FIGURE 2, represents an additional embodiment of this invention. Various shapes. are used in combination with the color coding and symmetrical pattern system of FIGURE 1 to further assist in the arithmetic association and recall to a child of early grades. Each of the geometric objects is used in indicating an arithmetic result, such as a sum. If a particular arithmetic problem results in the sum of 3, for example, or 13, then the triangular geometric shape is shown. These geometric shapes are of design to indicate basic patterns of objects and shape outlines which are already known to the child and hence further assist the establishment of relationships and mental recall arithmetic.
FIGURES 3, 4, 5, 6 and 7 are representative of typical usage of the combined color coding, symmetrical relationship of FIGURE 1 and the shape relationships of FIGURE 2. The addition-result problems 2, 3, 4, 7 and 12 are represented as being placed upon a composite chart for each addition-result. It is to be understood, however,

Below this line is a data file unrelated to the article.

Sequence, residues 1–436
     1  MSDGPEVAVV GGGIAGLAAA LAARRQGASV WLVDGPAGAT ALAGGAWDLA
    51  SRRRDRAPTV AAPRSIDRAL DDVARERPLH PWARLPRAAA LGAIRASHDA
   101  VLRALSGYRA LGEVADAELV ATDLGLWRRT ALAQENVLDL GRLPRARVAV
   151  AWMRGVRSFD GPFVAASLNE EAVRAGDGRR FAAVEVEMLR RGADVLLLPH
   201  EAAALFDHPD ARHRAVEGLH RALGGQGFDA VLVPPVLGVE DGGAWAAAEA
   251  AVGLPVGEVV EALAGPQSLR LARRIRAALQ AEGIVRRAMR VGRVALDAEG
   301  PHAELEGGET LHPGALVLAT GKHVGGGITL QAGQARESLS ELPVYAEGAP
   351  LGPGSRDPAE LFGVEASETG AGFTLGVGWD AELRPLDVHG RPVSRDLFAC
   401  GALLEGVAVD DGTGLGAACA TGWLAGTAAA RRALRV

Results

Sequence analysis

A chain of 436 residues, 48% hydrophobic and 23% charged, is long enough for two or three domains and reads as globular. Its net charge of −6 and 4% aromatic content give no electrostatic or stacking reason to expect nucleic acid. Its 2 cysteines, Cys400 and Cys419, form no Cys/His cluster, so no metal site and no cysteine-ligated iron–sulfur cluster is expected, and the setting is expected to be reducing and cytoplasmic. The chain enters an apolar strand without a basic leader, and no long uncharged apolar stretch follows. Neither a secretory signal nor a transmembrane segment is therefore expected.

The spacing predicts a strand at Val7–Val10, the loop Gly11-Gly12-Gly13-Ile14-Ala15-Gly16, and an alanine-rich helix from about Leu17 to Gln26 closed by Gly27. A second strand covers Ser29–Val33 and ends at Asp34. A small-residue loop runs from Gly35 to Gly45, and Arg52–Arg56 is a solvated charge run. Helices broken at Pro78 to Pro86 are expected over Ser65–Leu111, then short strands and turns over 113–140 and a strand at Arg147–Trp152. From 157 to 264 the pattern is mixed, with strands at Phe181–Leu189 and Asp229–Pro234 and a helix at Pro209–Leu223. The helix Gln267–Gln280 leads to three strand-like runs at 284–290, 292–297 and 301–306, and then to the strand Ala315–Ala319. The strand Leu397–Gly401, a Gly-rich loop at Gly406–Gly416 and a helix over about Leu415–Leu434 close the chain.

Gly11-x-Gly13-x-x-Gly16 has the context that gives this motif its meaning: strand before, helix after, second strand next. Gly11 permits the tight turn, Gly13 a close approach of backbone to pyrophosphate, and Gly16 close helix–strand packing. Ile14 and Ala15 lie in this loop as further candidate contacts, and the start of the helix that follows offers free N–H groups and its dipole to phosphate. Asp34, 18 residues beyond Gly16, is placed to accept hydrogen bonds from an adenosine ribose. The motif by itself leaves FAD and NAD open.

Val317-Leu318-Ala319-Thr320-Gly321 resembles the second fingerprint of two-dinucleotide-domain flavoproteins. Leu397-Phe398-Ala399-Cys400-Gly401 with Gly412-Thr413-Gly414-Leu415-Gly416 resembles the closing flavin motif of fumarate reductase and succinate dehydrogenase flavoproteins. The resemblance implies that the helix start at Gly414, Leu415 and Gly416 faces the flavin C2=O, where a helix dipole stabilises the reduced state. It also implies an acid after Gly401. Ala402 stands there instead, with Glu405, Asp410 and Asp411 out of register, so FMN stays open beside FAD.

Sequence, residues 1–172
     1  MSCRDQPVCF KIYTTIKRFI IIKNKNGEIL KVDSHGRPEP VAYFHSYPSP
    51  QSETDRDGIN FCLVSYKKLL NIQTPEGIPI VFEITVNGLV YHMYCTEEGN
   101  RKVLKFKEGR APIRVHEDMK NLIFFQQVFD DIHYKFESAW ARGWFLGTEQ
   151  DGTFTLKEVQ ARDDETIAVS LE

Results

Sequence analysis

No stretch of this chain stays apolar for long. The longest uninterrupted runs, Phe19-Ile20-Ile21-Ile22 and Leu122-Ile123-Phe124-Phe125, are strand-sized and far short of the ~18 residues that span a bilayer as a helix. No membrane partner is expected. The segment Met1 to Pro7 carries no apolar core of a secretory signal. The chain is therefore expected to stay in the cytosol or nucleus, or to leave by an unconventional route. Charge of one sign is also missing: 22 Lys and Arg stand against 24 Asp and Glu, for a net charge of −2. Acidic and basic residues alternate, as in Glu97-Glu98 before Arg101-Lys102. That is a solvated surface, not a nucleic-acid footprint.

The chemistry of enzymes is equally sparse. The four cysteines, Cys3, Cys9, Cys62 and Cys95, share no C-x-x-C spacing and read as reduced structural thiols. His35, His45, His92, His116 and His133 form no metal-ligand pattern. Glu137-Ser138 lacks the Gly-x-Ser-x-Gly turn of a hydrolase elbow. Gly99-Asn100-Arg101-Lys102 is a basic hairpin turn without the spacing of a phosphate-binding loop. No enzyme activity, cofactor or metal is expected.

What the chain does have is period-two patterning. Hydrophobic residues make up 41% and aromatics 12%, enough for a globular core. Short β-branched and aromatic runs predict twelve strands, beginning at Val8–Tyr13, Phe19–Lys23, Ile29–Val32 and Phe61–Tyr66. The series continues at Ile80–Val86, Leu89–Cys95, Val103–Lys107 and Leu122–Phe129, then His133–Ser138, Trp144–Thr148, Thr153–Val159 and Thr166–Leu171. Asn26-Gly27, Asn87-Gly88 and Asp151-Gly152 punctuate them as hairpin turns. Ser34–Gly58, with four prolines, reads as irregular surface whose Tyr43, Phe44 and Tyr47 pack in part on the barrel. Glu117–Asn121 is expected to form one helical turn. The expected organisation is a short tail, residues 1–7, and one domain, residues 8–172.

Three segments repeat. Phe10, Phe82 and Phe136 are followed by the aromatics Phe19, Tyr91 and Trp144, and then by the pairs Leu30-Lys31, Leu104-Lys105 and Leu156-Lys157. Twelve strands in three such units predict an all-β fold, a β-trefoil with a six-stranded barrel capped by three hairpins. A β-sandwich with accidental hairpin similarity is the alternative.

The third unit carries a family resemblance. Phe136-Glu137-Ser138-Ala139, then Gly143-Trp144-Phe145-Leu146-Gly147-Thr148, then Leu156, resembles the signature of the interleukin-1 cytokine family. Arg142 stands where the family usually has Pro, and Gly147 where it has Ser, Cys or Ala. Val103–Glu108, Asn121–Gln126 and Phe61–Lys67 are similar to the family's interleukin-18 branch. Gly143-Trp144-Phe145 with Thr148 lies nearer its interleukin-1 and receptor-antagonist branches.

shown as charts it is to be that such use is primarily to show the various combinations of number-facts that will arrive at a given sum or total. For example, in FIGURE are shown the three basic addition arrangements of patterns which will total four (4). In this manner, after the child has discovered the basic combinations of number-facts that go to make up a given mathematical result by using various tangible articles, the chart will help the child remember what he has previously concluded to be true so that the facts do fcoded in accordance with the patterns of FIGURE 1. The relationship of 2+0 will require the upper symmetrical pattern of number-set or group to be in blue, whereas in the card showing 1+1 each of the number- 'sets is colored black. Each group, however, uses the same shape.